Taxes Just Part of Debate in Vote for New County

Article excerpt

BROOMFIELD -- This city's Pinocchio wish to become real may come true in November if voters across the state give it the go-ahead to form its very own county.

That would mean no more living in Jefferson, Adams, Weld and Boulder counties, which could alleviate the burden on services from those counties and possibly lower property taxes for people in the new county.

It has been estimated Broomfield's mill levy rate would be about one mill lower than Boulder County's current rate of 21.243 mills, reducing property taxes for residents and businesses, says Larry Cooper, co-chair of citizens for Better Local Government, a well-funded force fighting in support of the county amendment.

The low tax incentives could make a proposed Broomfield County's business sector all the more attractive. A yes-vote also would allow the new county to absorb Boulder County's mighty Interlocken business park and the soon-to-be-built FlatIron Crossing shopping mall, which would bring considerable sales tax to the new county.

For the businesses that support this county effort, are taxes the only incentive on their minds? Cooper says no.

"I don't think they're in for the money," he said. "Cohesiveness is better."

Currently in Broomfield, if residents need a driver's license, a court document or anything processed by a county, they could end up driving from downtown Broomfield all the way to Golden (county seat of Jefferson County) or Greeley (county seat of Weld County), depending on where they live in the city. And that takes extra time.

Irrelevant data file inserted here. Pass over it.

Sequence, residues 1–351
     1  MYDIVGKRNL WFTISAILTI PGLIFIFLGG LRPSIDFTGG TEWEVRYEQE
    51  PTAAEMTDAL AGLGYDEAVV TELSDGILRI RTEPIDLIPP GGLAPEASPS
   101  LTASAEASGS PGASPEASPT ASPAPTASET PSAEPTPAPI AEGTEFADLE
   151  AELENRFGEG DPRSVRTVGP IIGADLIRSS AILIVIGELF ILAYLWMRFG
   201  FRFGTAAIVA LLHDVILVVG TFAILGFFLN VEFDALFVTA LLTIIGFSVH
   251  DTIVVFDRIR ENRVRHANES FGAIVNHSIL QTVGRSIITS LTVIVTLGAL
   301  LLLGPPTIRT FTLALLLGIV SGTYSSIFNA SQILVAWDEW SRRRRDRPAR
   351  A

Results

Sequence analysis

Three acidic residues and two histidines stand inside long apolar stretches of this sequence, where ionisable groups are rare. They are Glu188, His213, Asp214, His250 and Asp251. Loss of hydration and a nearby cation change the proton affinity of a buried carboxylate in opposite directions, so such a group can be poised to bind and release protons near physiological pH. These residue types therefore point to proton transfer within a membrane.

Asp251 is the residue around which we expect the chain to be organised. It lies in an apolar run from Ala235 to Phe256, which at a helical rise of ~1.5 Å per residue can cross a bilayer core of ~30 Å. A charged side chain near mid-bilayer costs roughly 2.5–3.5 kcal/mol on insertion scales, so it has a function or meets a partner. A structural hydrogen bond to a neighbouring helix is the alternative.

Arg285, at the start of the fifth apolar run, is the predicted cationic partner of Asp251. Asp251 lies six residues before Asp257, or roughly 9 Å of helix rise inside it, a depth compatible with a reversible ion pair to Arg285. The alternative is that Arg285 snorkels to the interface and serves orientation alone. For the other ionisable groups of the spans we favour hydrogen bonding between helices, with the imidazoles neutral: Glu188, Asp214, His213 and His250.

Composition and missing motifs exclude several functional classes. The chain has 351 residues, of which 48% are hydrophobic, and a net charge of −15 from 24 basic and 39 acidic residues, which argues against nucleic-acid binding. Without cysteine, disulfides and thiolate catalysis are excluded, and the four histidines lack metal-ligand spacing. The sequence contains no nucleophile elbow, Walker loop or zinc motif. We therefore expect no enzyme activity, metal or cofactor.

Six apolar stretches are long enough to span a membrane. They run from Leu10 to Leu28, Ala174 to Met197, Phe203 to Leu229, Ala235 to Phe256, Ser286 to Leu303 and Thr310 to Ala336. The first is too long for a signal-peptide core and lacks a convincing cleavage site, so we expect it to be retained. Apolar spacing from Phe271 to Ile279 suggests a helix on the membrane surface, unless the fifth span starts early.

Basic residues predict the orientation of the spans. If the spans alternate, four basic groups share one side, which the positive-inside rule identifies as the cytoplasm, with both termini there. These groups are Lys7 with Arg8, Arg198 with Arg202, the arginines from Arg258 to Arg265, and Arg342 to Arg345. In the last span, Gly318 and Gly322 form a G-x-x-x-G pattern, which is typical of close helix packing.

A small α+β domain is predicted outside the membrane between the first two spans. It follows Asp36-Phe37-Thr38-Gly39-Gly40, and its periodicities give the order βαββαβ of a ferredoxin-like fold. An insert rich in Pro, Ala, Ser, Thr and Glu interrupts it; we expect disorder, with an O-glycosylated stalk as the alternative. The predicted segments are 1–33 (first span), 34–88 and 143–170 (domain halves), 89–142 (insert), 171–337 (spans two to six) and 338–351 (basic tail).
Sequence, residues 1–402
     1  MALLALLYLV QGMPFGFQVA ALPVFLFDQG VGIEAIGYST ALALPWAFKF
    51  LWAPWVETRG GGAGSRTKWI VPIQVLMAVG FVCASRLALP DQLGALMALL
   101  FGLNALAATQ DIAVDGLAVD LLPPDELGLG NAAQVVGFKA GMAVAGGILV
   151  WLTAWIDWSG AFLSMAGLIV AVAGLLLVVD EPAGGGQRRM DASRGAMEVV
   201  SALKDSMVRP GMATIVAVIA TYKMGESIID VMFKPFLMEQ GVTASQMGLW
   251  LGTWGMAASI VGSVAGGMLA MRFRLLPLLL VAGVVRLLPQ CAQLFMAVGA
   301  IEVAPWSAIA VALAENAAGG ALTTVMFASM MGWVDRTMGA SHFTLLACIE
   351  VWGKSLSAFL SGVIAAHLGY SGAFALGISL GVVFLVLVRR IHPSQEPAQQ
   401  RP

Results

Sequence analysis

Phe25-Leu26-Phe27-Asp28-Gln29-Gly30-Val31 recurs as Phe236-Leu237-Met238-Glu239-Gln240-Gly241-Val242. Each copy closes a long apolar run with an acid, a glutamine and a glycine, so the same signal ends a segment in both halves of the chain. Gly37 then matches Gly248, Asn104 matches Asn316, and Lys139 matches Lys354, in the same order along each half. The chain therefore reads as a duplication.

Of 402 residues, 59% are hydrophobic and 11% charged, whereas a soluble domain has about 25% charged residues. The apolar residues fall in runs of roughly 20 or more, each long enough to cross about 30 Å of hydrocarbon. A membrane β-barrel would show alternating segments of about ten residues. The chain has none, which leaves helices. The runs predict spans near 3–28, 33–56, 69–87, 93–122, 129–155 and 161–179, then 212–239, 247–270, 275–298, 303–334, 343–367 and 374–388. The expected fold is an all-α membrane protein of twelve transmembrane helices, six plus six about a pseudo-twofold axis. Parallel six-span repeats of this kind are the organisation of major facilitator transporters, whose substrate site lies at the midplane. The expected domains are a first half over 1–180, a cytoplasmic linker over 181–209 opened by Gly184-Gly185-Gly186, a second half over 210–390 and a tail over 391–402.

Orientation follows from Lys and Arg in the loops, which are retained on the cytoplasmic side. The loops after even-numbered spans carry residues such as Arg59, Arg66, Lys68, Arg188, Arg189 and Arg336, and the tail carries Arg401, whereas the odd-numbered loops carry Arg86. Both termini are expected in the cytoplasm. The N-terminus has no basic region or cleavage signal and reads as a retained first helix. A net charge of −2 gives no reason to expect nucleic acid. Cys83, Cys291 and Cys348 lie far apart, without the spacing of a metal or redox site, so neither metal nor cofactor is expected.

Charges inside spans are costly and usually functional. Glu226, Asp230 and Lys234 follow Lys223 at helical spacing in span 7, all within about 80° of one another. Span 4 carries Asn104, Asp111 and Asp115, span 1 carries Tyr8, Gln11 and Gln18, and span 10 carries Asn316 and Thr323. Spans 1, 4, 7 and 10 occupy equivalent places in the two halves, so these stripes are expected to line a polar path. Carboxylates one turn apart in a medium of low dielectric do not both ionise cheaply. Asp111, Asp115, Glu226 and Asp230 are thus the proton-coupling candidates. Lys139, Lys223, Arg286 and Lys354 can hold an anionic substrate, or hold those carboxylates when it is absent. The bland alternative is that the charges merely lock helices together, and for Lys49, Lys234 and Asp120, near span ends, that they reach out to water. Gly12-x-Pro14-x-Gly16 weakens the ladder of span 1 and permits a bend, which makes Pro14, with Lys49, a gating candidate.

"The city as a whole feels like an orphan," said Michael Burns, vice president of human resources at Hunter Douglas Window Fashions Inc. in Broomfield. "The real issue is the municipality having to deal with four different counties. I see a lot of value in streamlining their need."

Burns doesn't see any property tax relief for Hunter Douglas in the new county, however. With four buildings on its property already and thoughts of building a fifth, the company stands to pay a hefty tax.

Are all the centralized services realistic? Some Boulder County officials say maybe, but it's too soon to tell. …